Marielena Montesino de Stuart
A meeting with U.S. Senator Marco Rubio in Washington DC
By Marielena Montesino de Stuart
July 1, 2011




On Israel

During a recent visit to Washington DC I had the distinct pleasure and honor of meeting with one of America's greatest leaders, U.S. Senator Marco Rubio, from the State of Florida.

As always, Senator Rubio is both distinguished and humble. I felt the same warmth and sincerity from him, now that he is a U.S. Senator, as I did when I met with him during his campaign in 2010.

My visit with Senator Rubio was an auspicious moment to pose my questions, which were centered on Israel, as well as the war in Libya.

Senator Rubio, who had just met with the Chancellor of Germany, Angela Merkel, described to me how Chancellor Merkel shared his opposition to a United Nations unilateral action for Palestinian statehood, which could take place in September, during the annual UN General Assembly. The United Nations vote could serve as a proclamation of a Palestinian state, whose territory would include the West Bank, Gaza and East Jerusalem.

A United Nations resolution proclaiming Palestinian statehood would also claim the 1967 "borders" as the boundary — which is nothing more than the 1949 armistice lines — whether President Obama's admonitions on "land swaps" are included or not. The Jordanian-Israeli 1949 armistice line [1] marked the farthest westward military point reached by Jordan during Israel's War of Independence, also known as the 1948 Arab-Israeli War.

The Elusive Line in the Sand

The term "a line in the sand" takes a whole different meaning in this ancient region, when considering international borders and battle frontlines.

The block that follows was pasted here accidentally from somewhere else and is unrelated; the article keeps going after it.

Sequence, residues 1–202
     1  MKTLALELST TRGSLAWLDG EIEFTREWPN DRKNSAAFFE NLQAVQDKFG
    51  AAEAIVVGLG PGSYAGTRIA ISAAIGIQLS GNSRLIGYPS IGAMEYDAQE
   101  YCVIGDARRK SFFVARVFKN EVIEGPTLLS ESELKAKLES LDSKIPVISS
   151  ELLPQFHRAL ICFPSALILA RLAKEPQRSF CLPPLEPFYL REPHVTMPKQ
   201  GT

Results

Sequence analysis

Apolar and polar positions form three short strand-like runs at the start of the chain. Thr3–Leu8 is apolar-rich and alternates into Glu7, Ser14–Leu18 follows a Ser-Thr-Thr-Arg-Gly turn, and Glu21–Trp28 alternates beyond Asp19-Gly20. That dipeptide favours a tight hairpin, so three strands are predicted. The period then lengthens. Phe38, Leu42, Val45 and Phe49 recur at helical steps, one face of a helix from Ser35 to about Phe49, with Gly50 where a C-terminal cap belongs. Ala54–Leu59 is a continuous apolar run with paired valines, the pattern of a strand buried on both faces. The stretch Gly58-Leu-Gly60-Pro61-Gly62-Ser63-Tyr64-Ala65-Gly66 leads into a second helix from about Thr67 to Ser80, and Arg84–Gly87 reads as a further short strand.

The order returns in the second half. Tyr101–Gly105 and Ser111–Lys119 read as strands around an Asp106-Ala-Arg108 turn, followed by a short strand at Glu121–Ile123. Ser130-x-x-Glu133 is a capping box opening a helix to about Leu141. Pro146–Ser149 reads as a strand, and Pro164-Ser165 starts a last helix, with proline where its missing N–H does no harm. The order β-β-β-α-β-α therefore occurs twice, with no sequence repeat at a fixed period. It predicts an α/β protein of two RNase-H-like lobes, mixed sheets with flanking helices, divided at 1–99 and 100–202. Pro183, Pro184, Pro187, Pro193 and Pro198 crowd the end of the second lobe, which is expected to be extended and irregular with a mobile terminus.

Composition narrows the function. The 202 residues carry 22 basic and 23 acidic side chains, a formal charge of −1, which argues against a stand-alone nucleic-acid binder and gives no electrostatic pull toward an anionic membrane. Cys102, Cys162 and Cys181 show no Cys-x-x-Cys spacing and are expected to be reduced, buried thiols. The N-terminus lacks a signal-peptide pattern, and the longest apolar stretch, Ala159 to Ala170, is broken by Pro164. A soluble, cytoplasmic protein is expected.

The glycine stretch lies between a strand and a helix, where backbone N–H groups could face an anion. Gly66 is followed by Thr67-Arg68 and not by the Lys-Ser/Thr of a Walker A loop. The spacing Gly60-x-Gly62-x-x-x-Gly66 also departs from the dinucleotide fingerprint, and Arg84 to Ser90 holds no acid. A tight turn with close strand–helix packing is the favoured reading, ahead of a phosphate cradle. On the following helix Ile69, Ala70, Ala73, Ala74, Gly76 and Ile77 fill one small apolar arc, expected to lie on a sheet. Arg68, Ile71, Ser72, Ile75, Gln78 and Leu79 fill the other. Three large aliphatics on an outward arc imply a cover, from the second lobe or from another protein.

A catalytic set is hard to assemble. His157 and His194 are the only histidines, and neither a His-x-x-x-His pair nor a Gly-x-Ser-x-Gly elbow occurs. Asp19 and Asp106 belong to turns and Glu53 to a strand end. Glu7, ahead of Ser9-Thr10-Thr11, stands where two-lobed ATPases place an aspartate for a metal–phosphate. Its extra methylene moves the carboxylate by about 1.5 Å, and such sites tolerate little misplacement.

The armistice lines established in 1949, to a certain extent overlapped, or were in proximity to the borderline of Palestine during the British Mandate — except for the region of Judea and Samaria, and the surrounding area of the Gaza Strip.

On the Syrian and Egyptian fronts there had been a history of international borders between the British Mandate of Palestine and their neighbors. The international border between the British Mandate of Palestine and Egypt became the armistice line between Israel and Egypt; however, the armistice line with Syria closely corresponds with the frontline.

The armistice line with Lebanon is close to the international border that existed during the British Mandate, with some overlapping.

As to the Jordanian front, Article II of the Jordanian-Israeli 1949 Armistice Agreement did not dictate territorial lines, stating that the provisions of the agreement were being "dictated exclusively by military considerations."

After the 1967 Six-Day War, the drafters of United Nations Security Council Resolution 242 [2] declared that the old armistice line needed to be replaced with a new border — which became the reference point for the Arab-Israeli peace talks. Resolution 242 did not recognize the line where the conflict began, and ignored the fact that the 1967 line was never an international border. Yet, one of the framers of Resolution 242, U.S. Ambassador to the U.N., Arthur Goldberg, acknowledged the historical absence of clear territorial boundaries in the region. This is why Resolution 242 did not ask for complete withdrawal from all territories captured by Israel in 1967 during the Six Day War, until secure and recognized borders could be established.

With the passage of time, boundaries, battle lines and lives have been erased, as agreements and documents are drawn in search of peace, sometimes even twisting the terminology in an attempt to rewrite history. Meanwhile, the Palestinian National Authority staunchly refuses to recognize Israel as a Jewish state.

On April 14, 2004 President George W. Bush wrote a letter to Ariel Sharon, Israel's Prime Minister at the time, as part of a final peace settlement:

EXCERPT: "Israel must have secure and recognized borders, which should emerge from negotiations between the parties in accordance with UNSC Resolutions 242 and 338. [2][3]. In light of new realities on the ground, including already existing major Israeli populations centers, it is unrealistic to expect that the outcome of final status negotiations will be a full and complete return to the armistice lines of 1949, and all previous efforts to negotiate a two-state solution have reached the same conclusion. It is realistic to expect that any final status agreement will only be achieved on the basis of mutually agreed changes that reflect these realities."